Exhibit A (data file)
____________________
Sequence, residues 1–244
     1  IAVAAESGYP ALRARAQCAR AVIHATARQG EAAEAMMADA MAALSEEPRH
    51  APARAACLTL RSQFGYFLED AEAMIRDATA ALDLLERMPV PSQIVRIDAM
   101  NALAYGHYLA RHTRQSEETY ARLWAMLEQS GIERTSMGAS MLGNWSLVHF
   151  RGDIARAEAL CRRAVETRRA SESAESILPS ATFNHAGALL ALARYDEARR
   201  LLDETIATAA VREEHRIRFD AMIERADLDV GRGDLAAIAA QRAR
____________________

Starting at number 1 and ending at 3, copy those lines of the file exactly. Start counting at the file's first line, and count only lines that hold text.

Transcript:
Sequence, residues 1–244
     1  IAVAAESGYP ALRARAQCAR AVIHATARQG EAAEAMMADA MAALSEEPRH
    51  APARAACLTL RSQFGYFLED AEAMIRDATA ALDLLERMPV PSQIVRIDAM